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Is The Voice Inside Your Head Kind? Awareness of Self Talk & How to Curate It

Updated: Jul 31, 2023


When you speak to yourself, is the voice inside your head kind? For most of my life the answer to that question for me would have to be a resounding NO! I don’t remember when it started. I know that I was younger than eight-years-old. Was I born this way? I don’t think so.


It is only now that I realize that I have always been sensitive. I think that most people would tell you that I’m tough and independent. And I am. But from as early as I can remember, I was deeply affected by what other people thought about me and said to me. I was a born people-pleaser who was raised with, perhaps, a not so healthy dose of criticism about my looks and intelligence. So I developed a coping mechanism of thinking really harsh things about myself and convinced myself that they were true. I figured that it would hurt less if I said it first.


Well, this coping mechanism became a habit. And this habit became the seemingly permanent voice inside my head that carried me well into adulthood. I realize now that I was a bully – but only to myself. I was mean, unyielding, unreasonable and unforgiving when it came to me.


Moreover, I was living a double-life. On the outside, I was a confident, capable professional who spoke with conviction, supported by facts and reason. But on the inside, I was rarely proud of my own accomplishments and thoroughly berated myself any time I failed to accomplish any thing to perfection.


When I finally discovered that my thoughts are a choice, I realized that I had been making really bad choices for a very, very long time. I started to change when a friend suggested that I put post-it notes on my bedroom and bathroom mirrors that say, “I love you,” and read them out loud to myself every day. This technique, made famous by Louise Hay, was, at first, VERY difficult. Initially, I avoided glancing at the post-it when I looked in the mirror. After a few weeks, I forced myself to read it. It took a few weeks more to begin to say it out loud, even though I felt like a total fraud when I did. But over time, it became easier and easier for me to just say, “I love you” to myself – and mean it. I gave myself permission to love myself exactly as I am, flaws and all.


It took me two years of consistent effort to break the habit of negative self-talk. I would hear negative words in my mind – or coming out of my mouth – and I would say to myself, “No. That’s not true.” Sometimes I would stop mid-sentence or mid-thought and correct myself.


What I learned during this two-year journey – with the help of Eckhart Tolle and some other wise teachers – is that I am not the voice inside my head. But I am, and have been, deeply influenced by it.


Why The Voice is Nonetheless Important


Here’s the thing about the voice in your head: It really affects how you feel every day from moment to moment. First and foremost, that voice is your regular (if not constant) companion. Being around anyone who is negative is such a downer and a drain. If the voice inside your own head is always or even regularly negative, then you are in some really bad company.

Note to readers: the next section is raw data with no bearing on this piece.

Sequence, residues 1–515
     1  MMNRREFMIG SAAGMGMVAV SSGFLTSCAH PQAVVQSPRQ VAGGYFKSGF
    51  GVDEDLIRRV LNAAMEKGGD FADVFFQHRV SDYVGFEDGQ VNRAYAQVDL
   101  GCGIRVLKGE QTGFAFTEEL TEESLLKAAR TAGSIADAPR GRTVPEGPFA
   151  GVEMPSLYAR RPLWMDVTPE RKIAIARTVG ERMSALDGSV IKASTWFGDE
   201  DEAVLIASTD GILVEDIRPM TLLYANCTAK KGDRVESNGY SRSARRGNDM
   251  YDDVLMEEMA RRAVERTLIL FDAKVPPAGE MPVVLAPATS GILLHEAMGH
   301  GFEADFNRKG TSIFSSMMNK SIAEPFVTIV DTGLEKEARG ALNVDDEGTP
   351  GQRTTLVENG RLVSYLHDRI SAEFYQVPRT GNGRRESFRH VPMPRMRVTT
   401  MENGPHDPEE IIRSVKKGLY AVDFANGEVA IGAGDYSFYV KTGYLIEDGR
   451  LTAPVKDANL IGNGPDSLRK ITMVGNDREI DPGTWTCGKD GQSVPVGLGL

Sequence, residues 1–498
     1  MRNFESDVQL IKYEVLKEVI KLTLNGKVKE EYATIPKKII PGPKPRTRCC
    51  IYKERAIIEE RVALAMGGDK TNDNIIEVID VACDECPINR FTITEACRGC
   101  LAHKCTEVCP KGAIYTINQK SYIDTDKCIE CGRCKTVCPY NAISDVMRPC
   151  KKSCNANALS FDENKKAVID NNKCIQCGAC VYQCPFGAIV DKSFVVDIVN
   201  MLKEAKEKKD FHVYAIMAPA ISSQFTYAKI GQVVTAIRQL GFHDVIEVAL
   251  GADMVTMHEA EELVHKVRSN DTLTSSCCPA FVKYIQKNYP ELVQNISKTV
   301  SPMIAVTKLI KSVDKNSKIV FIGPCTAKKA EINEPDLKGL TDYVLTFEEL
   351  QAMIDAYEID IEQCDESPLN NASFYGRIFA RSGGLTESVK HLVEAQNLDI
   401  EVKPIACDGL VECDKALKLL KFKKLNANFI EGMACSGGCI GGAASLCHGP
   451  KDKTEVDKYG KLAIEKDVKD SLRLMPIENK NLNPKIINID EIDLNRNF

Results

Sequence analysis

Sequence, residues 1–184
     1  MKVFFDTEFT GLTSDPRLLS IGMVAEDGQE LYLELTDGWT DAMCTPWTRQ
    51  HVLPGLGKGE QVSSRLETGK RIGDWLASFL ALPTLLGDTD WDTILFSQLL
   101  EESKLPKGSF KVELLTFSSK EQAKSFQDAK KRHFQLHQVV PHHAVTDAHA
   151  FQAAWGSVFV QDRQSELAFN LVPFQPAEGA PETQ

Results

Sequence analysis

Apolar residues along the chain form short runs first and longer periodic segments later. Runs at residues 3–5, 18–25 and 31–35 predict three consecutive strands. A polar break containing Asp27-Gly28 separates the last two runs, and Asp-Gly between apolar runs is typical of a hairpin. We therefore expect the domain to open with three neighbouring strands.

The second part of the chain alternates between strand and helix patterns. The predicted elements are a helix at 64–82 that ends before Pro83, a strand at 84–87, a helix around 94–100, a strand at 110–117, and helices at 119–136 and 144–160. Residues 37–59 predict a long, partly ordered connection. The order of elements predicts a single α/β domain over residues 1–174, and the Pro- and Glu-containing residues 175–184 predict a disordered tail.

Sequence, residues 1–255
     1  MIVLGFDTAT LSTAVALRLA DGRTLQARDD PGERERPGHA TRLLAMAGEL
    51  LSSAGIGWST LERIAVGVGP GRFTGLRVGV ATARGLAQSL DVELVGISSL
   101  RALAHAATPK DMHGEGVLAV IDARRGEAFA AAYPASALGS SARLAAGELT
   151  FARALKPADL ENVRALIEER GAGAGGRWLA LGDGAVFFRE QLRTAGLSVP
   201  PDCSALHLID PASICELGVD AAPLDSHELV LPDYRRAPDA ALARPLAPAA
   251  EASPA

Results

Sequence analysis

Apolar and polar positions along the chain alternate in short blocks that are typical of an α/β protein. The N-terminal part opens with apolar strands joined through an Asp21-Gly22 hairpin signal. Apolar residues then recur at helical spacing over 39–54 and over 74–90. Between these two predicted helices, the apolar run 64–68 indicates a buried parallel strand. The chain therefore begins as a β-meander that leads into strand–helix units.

If you follow the teachings of Abraham Hicks, you already know that nothing is more important than the way you feel. (If you’re not following the teachings of Abraham, I can’t encourage it enough!) In case you need a primer…


Ester Hicks channels the collective wisdom known as Abraham. Abraham teaches, among other things, about the Law of Attraction. The basic principle is that each of us draws to ourselves things, people and experiences with which we are in resonance. Our vibration is our point of attraction. Our vibration is affected by how we feel. And how we feel is affected by our thoughts. So when you find yourself thinking about what you don’t want, what you lack or what you fear, you are actually feeding that very thing. Therefore, if the voice inside your head is negative, you are in a constant state of lowering your own vibration and point of attraction.


Changing Your Thoughts


All of this is to let you know that, in fact, you have the power to change your thoughts. Here’s how I retrained my brain:


1. Awareness. Start by being mindful. Become aware of your thoughts. Take notice of the volume of your thoughts and whether they are positive or negative.


2. Challenge Yourself. When you become aware of a negative thought (about yourself or someone else), ask yourself whether it is true, kind or helpful.


3. Redirect Yourself. If the thought is not true, kind or helpful, acknowledge it as such and move on. If you catch yourself mid-thought or speaking to someone else, don’t hesitate to stop and redirect yourself – or simply say, “You know what? That’s not really true.”


Changes don’t happen overnight. At least they didn't for me. But the work has been truly rewarding. I find that not only am I kinder to myself, but I’m also kinder to others. And that feels great.


Additional Material


If you’re interested in learning more, I recommend the book “You Can Heal Your Life” by Louise Hay, as well as the movie by the same name, which you can purchase and download here: https://www.hayhouse.com/you-can-heal-your-life-the-movie-online-video. I also recommend anything by Esther and Jerry Hicks who publish the teachings of Abraham. A great place to start is “The Law of Attraction,” which you can find at any bookseller. There’s such a wealth of amazing educational tools by Abraham. You can find a full compliment of books, audio books, recorded lectures, cards and calendars of the teachings of Abraham Hicks at http://www.abraham-hickslawofattraction.com/lawofattractionstore/index.html. There is also a wealth of free material on YouTube by Eckhart Tolle.

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